All newer buildings in Santiago are built to be earthquake-proof to some extent, and what is important is to make the structure resistant to sideways loads (the force exerted on the building from the quake is from the sides, rather than from e.g. the top, as it would be after a heavy snow storm) – this involves having to make the building as light as possible, but being lighter means that it is more likely to sway with the quake movements. So if you’re in an apartment block, the top floors sway more vigorously during a quake than the lower floors as they have less weight above them. My apartment is on the 8th floor (of 11), so I don’t think it should be too bad (I’m yet to feel a quake whilst in my own place!), but I know at least one of my friends lives on the 18th floor… Must be a great view, but really not where I’d want to be when the floor starts moving!
Then on Sunday 25th March, an earthquake measuring 7.1 on the Richter Scale hit the Maule region of Central Chile at about 7:30pm and again could be felt in both Santiago and Viña del Mar – almost 200 miles away. To us in Viña, it didn’t feel as strong as the one that happened on the Friday night, but it did last longer. One of the other students who was in Santiago at the time said that he didn’t realise that there had even been another quake, seeing as though he was on the bus which was more rattly than the tremor itself! Laura and I didn’t really think anything of the quake itself at the time – we’d gone out to the beach to watch the sunset when we felt the tremor. You could even see the power lines swaying as the ground shook, and it certainly ruined the romantic moment between the teenage couple sat next to us on the rocks! (which, to be honest, I was a little pleased about. It gets a little tiring watching these young ‘uns suck on each other’s faces all the time). But afterwards, we just thought “oh, that was a little rumbley” and then went to try and find some dinner.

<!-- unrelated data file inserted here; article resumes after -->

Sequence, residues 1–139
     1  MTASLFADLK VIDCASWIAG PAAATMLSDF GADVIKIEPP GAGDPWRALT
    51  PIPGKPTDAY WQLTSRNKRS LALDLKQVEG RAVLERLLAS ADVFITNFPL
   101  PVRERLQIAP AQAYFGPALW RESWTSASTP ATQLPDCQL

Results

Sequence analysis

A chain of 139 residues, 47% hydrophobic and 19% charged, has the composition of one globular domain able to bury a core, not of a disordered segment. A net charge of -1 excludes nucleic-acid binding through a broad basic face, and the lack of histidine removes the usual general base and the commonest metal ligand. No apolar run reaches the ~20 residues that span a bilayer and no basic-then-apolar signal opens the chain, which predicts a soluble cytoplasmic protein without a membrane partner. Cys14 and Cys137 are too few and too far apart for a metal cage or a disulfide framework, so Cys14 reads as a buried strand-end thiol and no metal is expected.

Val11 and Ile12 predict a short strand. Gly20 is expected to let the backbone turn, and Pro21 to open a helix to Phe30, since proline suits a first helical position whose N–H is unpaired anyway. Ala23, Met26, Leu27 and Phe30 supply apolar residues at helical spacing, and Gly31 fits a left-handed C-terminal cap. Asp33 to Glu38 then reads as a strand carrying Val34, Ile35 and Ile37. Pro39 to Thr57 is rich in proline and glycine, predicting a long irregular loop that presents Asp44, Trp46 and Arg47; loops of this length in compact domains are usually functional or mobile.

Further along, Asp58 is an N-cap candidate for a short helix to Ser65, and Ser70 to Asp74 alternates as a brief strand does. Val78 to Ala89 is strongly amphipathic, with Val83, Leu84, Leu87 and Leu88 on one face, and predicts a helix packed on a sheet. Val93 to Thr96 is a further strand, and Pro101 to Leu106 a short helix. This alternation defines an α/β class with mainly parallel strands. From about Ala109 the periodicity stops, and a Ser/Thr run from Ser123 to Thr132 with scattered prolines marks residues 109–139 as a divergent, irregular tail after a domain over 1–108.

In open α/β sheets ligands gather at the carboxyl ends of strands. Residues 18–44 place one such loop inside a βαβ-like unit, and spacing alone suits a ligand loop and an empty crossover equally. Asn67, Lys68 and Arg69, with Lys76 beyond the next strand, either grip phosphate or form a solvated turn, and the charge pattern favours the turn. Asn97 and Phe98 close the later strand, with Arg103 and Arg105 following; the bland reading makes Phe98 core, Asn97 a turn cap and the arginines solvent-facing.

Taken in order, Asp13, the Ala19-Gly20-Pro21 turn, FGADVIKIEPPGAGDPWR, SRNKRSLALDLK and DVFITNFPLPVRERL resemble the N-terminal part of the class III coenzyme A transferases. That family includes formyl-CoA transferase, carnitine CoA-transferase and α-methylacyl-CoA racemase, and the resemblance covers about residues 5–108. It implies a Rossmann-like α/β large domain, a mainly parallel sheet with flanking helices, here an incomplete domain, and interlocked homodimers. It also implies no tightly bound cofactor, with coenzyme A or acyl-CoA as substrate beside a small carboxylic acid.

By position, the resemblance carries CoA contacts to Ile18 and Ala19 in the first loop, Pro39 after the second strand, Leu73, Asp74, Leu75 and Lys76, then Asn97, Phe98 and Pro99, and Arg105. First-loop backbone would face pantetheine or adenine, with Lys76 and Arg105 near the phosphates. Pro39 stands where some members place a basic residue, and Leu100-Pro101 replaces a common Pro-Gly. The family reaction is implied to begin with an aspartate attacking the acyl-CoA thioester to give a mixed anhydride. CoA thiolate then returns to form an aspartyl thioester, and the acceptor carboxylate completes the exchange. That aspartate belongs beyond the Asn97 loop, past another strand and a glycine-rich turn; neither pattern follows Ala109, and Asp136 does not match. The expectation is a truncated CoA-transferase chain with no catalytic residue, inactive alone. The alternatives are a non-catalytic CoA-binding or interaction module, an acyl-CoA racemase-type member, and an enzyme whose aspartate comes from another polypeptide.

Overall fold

It was only when we came to order, that we had a waiter come over to explain to us (in English, thankfully) that the restaurant were waiting for a call to “find out if we have to evacuate because of tsunami threat or not”. They were fairly blasé about it, though, saying things like “if we get the call to evacuate, we’ll wrap up your food for you to take away. If not, you can stay and enjoy your meal”, and “oh, if we do have to evacuate, just go grab a taxi and go to this town [*writes it on a napkin*] – it’s up a hill”. Obviously, being novices at the whole ‘threat-of-imminent-destruction’ thing we decided not to hedge our bets and just go straight back to our hotel to pack up our things just in case (and I really wanted to get both my Chilean and UK mobile phones to keep in contact with people to find out what was going on). As we were leaving, the waiter held open the door for us, smiled and said “good luck!” – not really what one wants to hear in that situation! (as Laura pointed out: “That’s what they said to each other on the deck of the Titanic just before it sank!”).